Warning: the following blog contains images that represent the dust, dirt and faith it takes to turn something old and imperfect into something new (and imperfect). Viewer discretion is advised.
In my dream of dreams, every day at the farm is sunny, mid 70s, and the skeeters are taking a siesta. Yoga mats can be spread out on the soft grass, beneath a blue sky. And, a lot of the time, that will be true. But, sometimes, it won’t.
My goal is to use as much of the existing structures as possible for our activities. Of course, it’s cost effective, but thats not the only reason. I want to keep the rural, rustic flavor. Sure, I could build a glamorous and polished temple to yoga, but how wabi-sabi would that be?
So, I took a good, hard look around. I opened my mind to the potential of each space. It was hard. This is a working farm, with equipment and such, and it was never built to be glitzy. But one of the oldest, original structures caught my eye.
See how Mack heads to the lean-to shed in the middle of a hot summer day? That’s because it’s cooler, and the bugs don’t like to go in there.
Now, you might be thinking, “I don’t want to go in there either! It’s icky!” Well, I spy with my little eye some potential.
Yes, it is a big mental leap. The lean-to has been housing tractors, hay racks, old (vintage) fenceposts and lazy horses for years. But, our construction expert Mike Koch agreed to take on the task of looking deeper. He and Roy emptied all the fenceposts out, and gave the inside a deep power wash.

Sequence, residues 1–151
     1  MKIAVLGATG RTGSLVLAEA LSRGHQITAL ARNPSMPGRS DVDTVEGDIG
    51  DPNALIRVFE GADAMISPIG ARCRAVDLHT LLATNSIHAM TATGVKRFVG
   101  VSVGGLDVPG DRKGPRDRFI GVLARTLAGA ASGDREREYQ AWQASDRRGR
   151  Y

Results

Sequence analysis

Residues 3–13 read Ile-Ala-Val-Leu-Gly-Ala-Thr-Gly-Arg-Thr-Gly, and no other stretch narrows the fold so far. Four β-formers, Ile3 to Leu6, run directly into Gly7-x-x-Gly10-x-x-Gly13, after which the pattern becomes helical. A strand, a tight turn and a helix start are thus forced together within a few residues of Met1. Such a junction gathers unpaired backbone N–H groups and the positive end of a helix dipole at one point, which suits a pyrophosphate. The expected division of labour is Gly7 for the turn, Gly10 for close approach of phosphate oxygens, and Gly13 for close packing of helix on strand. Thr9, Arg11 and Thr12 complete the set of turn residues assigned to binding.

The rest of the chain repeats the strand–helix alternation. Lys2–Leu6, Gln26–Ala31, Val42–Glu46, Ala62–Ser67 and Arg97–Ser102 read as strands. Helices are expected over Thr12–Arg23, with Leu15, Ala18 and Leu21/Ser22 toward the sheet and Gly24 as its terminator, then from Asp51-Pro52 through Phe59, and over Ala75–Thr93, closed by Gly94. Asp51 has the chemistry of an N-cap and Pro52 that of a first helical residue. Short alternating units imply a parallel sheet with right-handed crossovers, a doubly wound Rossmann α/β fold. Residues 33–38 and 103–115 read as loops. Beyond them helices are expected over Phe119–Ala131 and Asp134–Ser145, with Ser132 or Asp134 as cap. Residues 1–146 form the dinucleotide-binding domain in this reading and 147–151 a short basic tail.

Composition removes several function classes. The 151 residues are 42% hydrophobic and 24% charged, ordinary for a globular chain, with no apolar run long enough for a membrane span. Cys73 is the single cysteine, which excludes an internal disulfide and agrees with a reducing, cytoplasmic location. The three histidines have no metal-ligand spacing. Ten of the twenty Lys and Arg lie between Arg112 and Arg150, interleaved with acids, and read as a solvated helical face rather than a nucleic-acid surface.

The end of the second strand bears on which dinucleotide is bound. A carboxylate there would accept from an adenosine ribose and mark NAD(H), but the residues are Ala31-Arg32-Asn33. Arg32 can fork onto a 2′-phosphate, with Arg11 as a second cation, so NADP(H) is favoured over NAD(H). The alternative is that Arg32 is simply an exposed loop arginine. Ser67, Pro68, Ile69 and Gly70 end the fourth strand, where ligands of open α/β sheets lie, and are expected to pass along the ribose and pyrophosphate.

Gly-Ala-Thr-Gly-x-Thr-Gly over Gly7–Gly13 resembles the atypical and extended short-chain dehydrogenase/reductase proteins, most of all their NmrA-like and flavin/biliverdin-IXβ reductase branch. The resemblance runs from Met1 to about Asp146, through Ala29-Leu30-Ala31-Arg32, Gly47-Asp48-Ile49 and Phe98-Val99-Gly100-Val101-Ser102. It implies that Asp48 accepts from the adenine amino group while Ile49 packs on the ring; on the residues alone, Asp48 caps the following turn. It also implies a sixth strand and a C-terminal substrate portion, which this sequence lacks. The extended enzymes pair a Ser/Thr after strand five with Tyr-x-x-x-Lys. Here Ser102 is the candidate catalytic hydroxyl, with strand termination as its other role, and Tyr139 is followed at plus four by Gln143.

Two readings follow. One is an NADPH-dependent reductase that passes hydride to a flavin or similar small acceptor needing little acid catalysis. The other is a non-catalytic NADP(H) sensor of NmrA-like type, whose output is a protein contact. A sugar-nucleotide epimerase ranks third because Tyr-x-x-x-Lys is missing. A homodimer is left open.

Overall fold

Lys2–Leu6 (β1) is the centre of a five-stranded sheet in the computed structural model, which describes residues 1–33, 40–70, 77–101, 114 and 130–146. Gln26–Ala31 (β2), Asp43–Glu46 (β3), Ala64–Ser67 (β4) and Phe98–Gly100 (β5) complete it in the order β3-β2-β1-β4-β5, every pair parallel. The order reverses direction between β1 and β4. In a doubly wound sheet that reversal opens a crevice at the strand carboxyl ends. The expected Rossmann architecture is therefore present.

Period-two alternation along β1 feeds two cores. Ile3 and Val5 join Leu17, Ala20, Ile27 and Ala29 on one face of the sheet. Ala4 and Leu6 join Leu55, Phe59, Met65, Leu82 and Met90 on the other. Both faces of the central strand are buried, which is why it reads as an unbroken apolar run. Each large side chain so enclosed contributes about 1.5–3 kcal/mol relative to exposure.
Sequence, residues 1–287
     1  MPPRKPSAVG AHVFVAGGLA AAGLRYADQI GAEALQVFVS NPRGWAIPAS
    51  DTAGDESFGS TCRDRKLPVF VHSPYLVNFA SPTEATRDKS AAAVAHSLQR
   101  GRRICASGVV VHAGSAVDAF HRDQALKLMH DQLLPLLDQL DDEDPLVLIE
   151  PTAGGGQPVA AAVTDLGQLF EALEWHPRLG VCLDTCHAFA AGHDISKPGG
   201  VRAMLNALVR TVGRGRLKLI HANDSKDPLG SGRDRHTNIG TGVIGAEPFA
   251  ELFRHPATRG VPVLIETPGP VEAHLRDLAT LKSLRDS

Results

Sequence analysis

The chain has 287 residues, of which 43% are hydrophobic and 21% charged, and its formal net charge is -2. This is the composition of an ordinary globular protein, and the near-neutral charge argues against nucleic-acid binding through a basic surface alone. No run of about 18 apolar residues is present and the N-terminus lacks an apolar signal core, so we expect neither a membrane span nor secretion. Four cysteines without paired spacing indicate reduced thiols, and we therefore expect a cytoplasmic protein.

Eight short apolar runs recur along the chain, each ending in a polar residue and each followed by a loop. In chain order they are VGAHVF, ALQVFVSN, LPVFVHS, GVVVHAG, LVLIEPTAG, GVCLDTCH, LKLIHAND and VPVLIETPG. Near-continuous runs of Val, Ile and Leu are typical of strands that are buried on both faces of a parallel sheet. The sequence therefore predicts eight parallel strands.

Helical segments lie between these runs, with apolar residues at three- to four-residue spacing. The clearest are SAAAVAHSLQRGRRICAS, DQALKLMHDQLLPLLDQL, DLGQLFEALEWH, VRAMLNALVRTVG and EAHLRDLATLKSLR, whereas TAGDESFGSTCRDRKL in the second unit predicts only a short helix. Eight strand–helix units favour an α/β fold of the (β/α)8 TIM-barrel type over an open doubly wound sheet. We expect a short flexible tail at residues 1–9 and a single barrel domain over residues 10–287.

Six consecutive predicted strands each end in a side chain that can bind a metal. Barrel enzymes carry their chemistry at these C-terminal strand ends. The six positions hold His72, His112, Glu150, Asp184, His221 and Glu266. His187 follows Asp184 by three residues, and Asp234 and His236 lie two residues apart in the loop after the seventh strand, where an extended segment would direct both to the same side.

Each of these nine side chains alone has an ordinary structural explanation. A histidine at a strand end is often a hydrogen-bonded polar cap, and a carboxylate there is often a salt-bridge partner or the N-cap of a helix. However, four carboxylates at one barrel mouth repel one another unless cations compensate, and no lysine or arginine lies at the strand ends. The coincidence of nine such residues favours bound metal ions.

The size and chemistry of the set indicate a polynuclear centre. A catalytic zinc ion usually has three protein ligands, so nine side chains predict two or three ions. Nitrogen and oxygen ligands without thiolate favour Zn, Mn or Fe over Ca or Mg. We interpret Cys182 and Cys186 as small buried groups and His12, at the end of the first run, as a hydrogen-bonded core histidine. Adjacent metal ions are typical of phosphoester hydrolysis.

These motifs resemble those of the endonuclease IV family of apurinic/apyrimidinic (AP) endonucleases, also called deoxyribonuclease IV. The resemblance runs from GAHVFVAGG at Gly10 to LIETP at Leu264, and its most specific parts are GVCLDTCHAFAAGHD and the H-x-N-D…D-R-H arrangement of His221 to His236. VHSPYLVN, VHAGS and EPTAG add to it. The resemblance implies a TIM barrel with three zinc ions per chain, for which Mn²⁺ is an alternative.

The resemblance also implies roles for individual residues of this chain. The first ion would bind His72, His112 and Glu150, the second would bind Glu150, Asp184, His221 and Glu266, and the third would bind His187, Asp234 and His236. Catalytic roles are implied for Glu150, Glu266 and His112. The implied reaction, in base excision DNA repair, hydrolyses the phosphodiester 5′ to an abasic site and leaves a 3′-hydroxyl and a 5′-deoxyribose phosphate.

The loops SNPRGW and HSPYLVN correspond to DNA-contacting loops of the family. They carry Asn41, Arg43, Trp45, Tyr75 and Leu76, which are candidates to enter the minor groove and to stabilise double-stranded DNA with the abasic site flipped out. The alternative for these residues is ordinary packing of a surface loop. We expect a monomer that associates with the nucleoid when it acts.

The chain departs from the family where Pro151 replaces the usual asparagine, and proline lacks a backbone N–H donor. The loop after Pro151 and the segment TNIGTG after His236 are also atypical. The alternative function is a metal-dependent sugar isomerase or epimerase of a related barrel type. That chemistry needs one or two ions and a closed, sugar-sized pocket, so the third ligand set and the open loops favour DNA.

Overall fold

Aren’t the ceiling rafters beautiful? All cleaned up, they gleam. I love old wood, and these rafters must be 100 years old. Then, Mike and his crew began to dig out the dirt floor, making it nice and level. And they poured dyed concrete. This floor will be cool in the summer, smooth for our mats, and still be able to be usable for equipment during off season.
These guys worked hard. Can you picture it with little tea lights strung? Perhaps something on the walls? What you aren’t seeing here is the beautiful view of woods and ponds behind me.
Here is the floor, still wet, unpolished and unsealed, but looking pretty good. Picture some bales of straw around the perimeter, and a long table there for a farm-to-table dinner. Yes, it’s imperfect, rustic and a work in progress, but that’s the fun of creating a unique space. This lean-to has a long history. It’ll be fun to continue that history with yogis on retreat.